Bicycle infrastructure has become a cause lately as more Edmontonians give up their vehicles in favour of the healthier two-wheel alternative. At the forefront of discussion is Whyte Avenue, with many calling upon the City of Edmonton to immediately ensure a safe and inclusive environment for pedestrians and cyclists. Though some people may feel cyclists should stay away from busy streets, Whyte Ave could prove to be the first major step in building an efficient and bike-friendly commuting system.
Motorists and cyclists don’t often jive on Edmonton’s busier streets. Space is tight, their speeds are at odds and one can never guess what the other will do. We need not look further back than a month ago for an example of the consequences of the current road-sharing situation. University student Isaak Kornelsen was killed on Whyte Avenue after being wedged between a parked vehicle and moving traffic, only to be pulled under a passing cement truck. Whyte Avenue being an unsuitable environment for bicyclists while being one of Edmonton’s major arteries has led to calls for the installation of bike lanes.
And anybody who’s driven down Whyte, precariously dodging cyclists as they stay as far right as they can, understands just how easily this type of accident could happen. Regardless of patience, it can be a massive distraction, and often prevents a smooth flow of traffic. The unpredictability of cars turning, parking and changing lanes forces motorists and cyclists into an unstable dance that could fall apart with an oblivious opening of a car door.
Some feel it’s the cyclists that should relent and stick to the side roads, but they shouldn’t have to detour and give up the sights and sounds of Whyte, seeing as they’re making the effort to improve both their health and the environment.
By eliminating street parking in favour of bike lanes, Edmonton would be taking yet another environmentally friendly step. With a lack of space to park, many would turn either to their bikes or public transit, joining the many Whyte Ave workers and shoppers who already rely on public or alternative transportation.
The most frequent criticism of increasing bicycle infrastructure centres is Edmonton’s short biking season. While our long, frigid winters certainly decrease the number of cyclists, there are still plenty who tough it out through the most unforgiving temperatures, and bike lanes on arterial roadways would only encourage more to ride their bikes year-round. By placing the lanes on the busier avenues such as Whyte, they would fall within the city’s network of winter plowing and sanding, ensuring they would be well enough maintained that cyclists should have no problem using them rather than the snow covered peripheral streets.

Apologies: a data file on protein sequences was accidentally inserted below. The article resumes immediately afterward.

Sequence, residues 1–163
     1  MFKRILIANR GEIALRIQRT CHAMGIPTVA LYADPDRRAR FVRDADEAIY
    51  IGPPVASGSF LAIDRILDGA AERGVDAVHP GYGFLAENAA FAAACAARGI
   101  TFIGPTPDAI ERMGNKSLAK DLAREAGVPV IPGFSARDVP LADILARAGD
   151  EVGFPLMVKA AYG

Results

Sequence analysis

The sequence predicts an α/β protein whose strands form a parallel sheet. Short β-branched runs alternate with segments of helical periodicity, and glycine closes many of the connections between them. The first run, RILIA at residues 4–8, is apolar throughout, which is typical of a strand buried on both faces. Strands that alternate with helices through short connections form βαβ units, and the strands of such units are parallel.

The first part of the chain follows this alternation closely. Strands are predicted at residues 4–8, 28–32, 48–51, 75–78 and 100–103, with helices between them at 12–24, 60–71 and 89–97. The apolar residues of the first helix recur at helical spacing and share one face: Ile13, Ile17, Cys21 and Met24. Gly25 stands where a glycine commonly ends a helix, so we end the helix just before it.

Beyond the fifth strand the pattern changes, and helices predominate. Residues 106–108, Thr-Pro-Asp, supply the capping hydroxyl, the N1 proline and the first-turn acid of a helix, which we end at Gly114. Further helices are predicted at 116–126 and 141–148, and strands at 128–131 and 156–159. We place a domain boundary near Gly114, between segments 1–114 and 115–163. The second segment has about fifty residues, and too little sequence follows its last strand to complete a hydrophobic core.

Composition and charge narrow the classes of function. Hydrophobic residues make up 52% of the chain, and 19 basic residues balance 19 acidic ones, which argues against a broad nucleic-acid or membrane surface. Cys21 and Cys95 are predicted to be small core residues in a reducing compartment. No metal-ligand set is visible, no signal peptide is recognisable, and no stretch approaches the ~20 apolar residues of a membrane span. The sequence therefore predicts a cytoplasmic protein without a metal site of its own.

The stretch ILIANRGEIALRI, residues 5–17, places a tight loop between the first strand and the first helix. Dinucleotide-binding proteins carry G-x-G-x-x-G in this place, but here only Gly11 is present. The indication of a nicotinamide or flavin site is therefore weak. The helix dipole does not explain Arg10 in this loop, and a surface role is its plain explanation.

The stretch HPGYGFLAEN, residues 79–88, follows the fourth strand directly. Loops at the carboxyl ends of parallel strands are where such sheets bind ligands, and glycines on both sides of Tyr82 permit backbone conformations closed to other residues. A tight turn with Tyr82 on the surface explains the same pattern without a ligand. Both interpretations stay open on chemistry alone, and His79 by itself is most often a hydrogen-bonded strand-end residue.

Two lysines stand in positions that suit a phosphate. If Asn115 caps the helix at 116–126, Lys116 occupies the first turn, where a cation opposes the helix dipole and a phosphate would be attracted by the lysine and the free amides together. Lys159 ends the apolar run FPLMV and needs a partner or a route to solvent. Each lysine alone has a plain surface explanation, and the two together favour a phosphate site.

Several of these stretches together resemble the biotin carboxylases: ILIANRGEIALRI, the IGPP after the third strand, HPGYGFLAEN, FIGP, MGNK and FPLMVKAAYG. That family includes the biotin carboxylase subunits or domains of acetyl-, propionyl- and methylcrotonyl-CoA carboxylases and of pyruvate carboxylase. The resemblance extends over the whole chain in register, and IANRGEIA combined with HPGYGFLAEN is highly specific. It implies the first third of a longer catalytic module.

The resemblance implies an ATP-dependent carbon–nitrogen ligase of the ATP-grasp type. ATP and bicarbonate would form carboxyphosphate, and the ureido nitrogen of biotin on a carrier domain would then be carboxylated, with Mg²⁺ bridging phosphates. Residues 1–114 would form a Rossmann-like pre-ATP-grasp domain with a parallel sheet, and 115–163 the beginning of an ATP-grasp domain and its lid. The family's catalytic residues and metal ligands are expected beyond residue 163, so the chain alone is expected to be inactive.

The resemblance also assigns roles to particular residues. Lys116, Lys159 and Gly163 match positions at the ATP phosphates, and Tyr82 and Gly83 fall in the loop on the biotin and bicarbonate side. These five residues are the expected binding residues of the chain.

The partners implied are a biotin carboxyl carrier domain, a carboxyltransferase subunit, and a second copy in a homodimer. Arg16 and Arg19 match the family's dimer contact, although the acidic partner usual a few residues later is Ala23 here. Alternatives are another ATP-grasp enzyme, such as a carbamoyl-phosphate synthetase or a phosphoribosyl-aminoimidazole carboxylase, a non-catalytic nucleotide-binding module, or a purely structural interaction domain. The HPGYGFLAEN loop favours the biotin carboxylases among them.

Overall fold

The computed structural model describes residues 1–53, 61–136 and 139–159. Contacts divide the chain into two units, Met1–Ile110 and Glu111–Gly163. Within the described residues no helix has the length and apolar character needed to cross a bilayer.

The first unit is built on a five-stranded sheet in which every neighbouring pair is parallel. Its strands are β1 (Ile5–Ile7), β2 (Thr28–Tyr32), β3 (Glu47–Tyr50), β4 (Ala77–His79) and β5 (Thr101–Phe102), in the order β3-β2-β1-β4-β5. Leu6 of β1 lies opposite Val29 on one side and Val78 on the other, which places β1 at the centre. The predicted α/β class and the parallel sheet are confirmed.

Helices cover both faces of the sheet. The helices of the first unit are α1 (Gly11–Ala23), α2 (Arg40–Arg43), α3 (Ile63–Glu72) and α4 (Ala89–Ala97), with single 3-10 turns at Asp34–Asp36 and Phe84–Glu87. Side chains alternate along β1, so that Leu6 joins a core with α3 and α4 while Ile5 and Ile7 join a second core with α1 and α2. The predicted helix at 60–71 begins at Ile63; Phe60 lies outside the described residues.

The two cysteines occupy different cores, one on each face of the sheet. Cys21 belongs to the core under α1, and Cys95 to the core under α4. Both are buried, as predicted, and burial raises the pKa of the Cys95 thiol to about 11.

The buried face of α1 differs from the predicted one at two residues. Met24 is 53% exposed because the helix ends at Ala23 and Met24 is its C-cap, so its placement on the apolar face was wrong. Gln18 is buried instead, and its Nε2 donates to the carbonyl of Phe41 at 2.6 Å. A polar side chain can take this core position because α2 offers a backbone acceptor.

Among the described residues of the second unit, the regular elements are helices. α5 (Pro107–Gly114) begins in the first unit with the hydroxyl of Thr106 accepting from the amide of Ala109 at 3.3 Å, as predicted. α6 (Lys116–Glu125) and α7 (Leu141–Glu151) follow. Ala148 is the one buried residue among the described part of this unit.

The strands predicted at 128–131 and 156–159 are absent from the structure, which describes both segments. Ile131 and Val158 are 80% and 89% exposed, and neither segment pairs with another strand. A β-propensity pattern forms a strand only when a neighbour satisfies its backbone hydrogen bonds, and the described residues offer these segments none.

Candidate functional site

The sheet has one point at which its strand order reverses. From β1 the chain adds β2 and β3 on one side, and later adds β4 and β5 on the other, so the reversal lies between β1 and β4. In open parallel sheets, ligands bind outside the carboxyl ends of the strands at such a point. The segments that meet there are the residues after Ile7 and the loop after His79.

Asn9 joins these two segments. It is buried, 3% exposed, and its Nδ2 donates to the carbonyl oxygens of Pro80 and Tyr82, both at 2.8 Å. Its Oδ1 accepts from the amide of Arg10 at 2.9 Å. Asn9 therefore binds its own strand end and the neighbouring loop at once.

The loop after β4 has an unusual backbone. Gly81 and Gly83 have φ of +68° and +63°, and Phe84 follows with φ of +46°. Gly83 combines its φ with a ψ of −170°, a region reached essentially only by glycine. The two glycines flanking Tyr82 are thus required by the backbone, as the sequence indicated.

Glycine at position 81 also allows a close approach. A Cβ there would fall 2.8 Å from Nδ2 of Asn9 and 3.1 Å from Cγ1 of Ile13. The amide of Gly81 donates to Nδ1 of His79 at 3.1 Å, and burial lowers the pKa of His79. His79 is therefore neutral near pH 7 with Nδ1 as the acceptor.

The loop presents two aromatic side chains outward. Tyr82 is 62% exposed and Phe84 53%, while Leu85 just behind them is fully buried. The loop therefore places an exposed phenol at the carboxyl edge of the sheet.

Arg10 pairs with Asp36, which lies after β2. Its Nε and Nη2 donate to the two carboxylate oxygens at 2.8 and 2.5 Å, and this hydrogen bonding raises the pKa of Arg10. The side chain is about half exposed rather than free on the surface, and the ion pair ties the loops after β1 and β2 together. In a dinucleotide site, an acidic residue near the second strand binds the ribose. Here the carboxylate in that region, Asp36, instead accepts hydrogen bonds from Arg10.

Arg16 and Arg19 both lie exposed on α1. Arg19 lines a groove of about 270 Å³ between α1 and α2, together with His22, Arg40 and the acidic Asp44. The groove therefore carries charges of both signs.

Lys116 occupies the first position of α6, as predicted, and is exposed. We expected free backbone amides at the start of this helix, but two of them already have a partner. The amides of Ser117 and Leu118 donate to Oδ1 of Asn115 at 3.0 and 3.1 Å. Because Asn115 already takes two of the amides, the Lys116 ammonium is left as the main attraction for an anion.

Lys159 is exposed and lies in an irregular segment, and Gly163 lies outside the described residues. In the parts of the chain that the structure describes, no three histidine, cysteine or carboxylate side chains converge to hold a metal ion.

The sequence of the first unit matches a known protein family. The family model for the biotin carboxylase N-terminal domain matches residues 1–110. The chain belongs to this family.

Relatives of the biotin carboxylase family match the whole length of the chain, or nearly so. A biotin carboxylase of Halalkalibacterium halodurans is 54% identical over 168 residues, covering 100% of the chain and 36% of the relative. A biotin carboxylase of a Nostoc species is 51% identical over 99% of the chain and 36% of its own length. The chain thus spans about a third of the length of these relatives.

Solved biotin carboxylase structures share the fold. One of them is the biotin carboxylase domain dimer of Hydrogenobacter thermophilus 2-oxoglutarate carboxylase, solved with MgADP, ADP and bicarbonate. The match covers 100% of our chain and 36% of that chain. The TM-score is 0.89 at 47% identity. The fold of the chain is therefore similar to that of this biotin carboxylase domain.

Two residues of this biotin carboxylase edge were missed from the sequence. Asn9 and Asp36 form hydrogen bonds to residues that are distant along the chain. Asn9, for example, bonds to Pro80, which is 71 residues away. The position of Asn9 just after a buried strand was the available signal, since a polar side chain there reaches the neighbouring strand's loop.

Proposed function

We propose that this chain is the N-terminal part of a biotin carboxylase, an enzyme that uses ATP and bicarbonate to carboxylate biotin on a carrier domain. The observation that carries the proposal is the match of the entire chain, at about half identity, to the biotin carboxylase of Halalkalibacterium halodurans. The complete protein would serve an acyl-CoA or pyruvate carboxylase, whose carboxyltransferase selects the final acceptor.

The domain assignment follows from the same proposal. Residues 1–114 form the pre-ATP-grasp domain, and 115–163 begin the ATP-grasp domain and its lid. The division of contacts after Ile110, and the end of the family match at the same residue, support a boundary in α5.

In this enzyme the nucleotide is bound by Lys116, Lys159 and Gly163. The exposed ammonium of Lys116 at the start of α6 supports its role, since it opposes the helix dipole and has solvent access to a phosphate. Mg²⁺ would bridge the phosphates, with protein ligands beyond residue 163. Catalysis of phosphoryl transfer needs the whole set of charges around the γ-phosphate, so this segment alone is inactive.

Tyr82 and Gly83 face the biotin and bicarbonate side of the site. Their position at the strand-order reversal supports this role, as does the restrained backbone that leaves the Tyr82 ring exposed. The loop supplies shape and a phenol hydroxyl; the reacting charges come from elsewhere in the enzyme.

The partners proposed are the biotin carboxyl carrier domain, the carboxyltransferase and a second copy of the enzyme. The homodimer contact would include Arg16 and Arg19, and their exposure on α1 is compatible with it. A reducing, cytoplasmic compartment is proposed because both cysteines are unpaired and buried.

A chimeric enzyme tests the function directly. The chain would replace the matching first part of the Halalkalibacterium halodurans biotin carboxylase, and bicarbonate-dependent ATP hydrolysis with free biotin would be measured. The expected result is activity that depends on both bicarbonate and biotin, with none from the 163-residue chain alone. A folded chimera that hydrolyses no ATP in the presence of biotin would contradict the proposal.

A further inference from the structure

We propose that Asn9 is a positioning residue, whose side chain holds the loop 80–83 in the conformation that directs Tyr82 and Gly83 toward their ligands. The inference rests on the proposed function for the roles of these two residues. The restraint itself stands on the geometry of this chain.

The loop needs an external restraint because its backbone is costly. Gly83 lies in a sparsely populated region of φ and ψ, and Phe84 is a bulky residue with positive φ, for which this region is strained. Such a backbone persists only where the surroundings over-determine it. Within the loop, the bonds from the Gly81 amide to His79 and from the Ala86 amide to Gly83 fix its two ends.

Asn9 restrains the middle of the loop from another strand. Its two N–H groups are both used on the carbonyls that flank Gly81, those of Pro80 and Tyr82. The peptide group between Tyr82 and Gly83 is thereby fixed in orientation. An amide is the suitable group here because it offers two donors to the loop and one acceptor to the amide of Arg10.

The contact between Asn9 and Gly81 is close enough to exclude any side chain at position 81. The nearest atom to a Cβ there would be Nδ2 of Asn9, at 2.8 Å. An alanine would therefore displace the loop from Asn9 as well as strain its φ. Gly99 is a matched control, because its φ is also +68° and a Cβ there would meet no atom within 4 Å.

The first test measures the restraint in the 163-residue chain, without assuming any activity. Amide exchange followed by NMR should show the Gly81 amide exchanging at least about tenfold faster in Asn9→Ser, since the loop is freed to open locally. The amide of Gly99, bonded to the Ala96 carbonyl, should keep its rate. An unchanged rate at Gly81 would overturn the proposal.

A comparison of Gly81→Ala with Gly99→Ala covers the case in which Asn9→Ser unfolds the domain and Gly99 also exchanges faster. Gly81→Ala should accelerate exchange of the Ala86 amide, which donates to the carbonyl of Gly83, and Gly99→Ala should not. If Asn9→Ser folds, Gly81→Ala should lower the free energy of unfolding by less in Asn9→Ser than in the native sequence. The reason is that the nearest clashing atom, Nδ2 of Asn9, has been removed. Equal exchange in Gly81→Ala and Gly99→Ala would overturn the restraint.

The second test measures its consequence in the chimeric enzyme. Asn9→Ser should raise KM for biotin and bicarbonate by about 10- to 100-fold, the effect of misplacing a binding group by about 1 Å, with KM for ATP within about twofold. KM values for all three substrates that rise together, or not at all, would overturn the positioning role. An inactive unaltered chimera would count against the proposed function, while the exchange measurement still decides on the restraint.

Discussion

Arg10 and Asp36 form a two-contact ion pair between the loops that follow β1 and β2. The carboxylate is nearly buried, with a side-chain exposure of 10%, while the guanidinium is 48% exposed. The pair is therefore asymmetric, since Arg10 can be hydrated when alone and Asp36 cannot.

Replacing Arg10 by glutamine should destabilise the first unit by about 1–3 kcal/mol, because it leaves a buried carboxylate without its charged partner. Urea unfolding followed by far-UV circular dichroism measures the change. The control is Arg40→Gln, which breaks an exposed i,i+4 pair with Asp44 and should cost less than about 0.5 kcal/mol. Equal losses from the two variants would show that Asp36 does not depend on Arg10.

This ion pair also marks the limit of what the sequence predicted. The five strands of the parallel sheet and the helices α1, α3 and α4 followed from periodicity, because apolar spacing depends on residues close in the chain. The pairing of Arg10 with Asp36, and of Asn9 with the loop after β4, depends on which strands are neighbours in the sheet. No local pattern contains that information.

And keeping the cyclists off the main roads will only ensure they remain in the motorists’ peripheries. Rather, as the cycling population grows, the city needs to promote awareness, education and respect for both drivers and riders, and the only way this could be accomplished is for the bicycles to be right in the thick of things with their motor-driven brethren.
If Edmonton truly wants to promote bicycling, they should start with a bang rather than a whimper. While all of the current residential bike lanes have certainly helped, Whyte Avenue offers the opportunity to show how easily bicycles and cars can coexist with the help of proper planning. With a successful bike lane plan for Whyte Avenue, cycling will begin to spread throughout Edmonton, even on the busiest of our car-infested roads.
The remnants of chivalry still linger today, especially in the dating world.